- Eurozone retail sales in strong recovery
- EUR strength dependent on Eurozone outperformance
- Morgan Stanley exit long EUR/USD trade
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A strong set of Eurozone retail sales for the month of June suggest the recovery in the bloc retains a v-shaped feel, the kind of pattern that has lead investors to bid the value of the Euro higher over recent weeks.
Retail sales rose 5.7% month-on-month in June with the year-on-year figure reading at 1.3% reports Eurostat, which is notably higher than the previous month's figure of -3.1% and better than consensus expectations for -0.5%.
"Another V spotted in the EZ data," says Claus Vistesen, Chief Eurozone Economist at Pantheon Macroeconomics. "These data have been very strong in the past few months. The rise in June left retail sales 0.2% above its pre-crisis level at the end of Q2, which is impressive."
Looking at the country by country breakdown, the Eurostat data revealed strong gains in Spain and Italy, at +16.5% and +13.8% month-to-month respectively, and a robust 9.5% increase in France. Sales fell by 1.6% in Germany, but Vistesen says this is a reversion from the 12.7% rise in May.
The sectoral breakdown revealed non-food sales in physical stores rose by 12.1%, adding to May's 38.7% gain, online sales meanwhile declined by 6.8% on the month as consumers returned to the streets.
Concerning the outlook, "to the extent that the next six months will be characterised by rising labour market uncertainty and reduced income support, at the margin, from fiscal measures, the road from here will be bumpy in the headline retail sales data," says Vistesen.
The relative economic performance of the Eurozone vs. United States is a key driver of recent outperformance of the Euro relative to the Dollar, with investors seeing the multi-year period of U.S. outperformance potentially coming to an end owing to a covid-19 reset.
In line with the reset of expectations, the Euro-to-Dollar exchange rate rallied from a low towards 1.08 in March to a multi-year high at 1.19088 on July 31. The market has since cooled back towards current levels at 1.18 and questions are being asked as to whether this is the end of the single-currency's advance or merely a consolidation.
The likely answer to this question will come from the data over coming weeks with investors requiring further strong showings from the Eurozone, while any sizeable rebounds in U.S. data could undermine the Euro's outperformance and aid a U.S. Dollar rebound, with this in mind keep an eye on Friday's non-farm payroll data.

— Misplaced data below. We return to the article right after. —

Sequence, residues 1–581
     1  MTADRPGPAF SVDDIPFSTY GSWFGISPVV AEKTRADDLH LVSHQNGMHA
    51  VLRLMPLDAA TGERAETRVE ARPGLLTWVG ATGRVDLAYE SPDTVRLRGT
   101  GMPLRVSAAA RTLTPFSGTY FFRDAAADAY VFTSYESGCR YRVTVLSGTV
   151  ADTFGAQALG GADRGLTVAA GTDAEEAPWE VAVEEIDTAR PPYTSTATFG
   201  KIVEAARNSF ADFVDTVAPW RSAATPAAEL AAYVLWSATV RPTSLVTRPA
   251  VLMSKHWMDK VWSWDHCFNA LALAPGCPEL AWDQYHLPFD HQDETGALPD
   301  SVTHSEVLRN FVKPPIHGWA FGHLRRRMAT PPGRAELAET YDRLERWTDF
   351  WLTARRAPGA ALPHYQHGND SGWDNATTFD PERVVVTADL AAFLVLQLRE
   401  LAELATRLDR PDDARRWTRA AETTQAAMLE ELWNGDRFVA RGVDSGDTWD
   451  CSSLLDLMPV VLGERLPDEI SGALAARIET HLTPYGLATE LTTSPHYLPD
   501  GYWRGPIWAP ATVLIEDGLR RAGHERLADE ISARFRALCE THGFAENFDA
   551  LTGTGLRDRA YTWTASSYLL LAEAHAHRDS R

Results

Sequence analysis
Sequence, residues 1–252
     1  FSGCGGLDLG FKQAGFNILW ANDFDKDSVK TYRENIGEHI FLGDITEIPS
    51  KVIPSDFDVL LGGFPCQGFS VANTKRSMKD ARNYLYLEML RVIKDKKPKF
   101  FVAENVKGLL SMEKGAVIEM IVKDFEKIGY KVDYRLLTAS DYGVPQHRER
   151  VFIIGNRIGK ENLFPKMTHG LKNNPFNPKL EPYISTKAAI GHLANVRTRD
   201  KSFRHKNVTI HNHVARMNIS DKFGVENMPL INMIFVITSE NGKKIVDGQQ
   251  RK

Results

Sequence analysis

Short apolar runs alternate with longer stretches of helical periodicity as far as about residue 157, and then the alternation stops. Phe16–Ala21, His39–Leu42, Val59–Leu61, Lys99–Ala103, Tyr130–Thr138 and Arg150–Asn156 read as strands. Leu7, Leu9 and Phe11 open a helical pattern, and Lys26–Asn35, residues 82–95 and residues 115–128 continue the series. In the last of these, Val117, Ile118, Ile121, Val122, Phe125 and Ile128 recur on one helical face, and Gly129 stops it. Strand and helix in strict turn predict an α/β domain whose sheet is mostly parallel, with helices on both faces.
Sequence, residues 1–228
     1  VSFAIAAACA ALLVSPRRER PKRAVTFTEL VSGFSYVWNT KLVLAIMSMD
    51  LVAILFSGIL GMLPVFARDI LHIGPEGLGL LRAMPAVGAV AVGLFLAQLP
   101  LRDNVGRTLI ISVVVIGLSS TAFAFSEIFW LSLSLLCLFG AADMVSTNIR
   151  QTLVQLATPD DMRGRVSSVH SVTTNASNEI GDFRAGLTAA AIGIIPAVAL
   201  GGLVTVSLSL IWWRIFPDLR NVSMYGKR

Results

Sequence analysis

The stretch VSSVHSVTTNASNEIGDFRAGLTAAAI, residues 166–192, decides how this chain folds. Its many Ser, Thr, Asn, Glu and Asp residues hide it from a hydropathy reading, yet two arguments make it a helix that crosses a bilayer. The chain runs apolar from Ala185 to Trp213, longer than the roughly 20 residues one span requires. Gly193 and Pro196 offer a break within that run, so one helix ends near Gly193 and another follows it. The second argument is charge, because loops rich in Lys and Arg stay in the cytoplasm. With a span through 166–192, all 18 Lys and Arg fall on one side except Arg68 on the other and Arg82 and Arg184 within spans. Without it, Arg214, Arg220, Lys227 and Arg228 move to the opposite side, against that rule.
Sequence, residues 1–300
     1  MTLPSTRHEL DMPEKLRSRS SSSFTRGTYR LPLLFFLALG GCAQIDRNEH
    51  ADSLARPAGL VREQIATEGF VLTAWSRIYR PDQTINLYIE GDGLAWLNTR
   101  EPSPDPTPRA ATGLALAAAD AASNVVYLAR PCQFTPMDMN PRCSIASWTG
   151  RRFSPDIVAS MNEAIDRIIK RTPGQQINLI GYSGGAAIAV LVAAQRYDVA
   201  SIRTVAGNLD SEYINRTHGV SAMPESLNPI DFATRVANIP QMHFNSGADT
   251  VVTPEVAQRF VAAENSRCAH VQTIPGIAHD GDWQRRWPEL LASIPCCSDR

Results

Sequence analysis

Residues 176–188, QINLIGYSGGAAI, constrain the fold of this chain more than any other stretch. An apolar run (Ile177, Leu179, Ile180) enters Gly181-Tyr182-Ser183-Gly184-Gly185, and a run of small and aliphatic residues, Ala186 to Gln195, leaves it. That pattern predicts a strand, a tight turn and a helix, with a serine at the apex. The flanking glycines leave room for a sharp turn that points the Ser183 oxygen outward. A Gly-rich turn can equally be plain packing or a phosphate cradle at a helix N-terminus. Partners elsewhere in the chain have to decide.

"Macroeconomic data has become more important over the past month. Central banks and governments are debating whether to extend stimulus measures to support the economic recovery from the pandemic-induced recession and therefore economic data is becoming more relevant," says George Vessey, Currency Strategist at Western Union.
Foreign exchange strategist Sheena Shah at Morgan Stanley has told clients the Euro's recent rally might have reached its limits and that the bank had exited a 'long' position on EUR/USD after it hit 1.18.
"The near-term EUR positive catalysts appear to be behind us for now as the market has absorbed the positive outcome from the European Council meeting, suggesting the path for EUR/USD will remain more dependent on the USD side. The net short euro equity position appears to have been mostly covered and has slowed in recent weeks. We look to September and beyond when the EU may start to discuss the next stages of reforms," says Shah.
However, Morgan Stanley analysts do expect EU debt issuance in 2021 may also attract further inflows allowing EUR/USD to trade above 1.21 in coming quarters.
"The latest leg higher for EUR/USD was increasingly driven by the USD. We have now closed our long EUR/USD suggestion at 1.18 and will re-assess the trade in coming weeks. We are still expecting EUR/USD to trade above 1.20 in coming quarters," says Shah.
Terence Wu, FX strategist at OCBC says the U.S. Dollar could be in for some consolidation over coming days following its recent falls, but he is yet to be convinced that the currency's broader prospects are about to turn positive.
A stronger Dollar strength would be most apparent against the antipodean dollars as well as the British Pound, according to the analyst.
"Stay nimble and flexible for now," says Wu. "If we indeed see the USD’s fortunes reverse, prefer to express that through the GBP. There has been no regard of Brexit headlines in the midst of USD weakness, if the USD turns do not rule out a refocus on the stalling brexit headlines. Stay negative on the antipodeans as well, with a potential tilt towards risk-off perhaps forthcoming."
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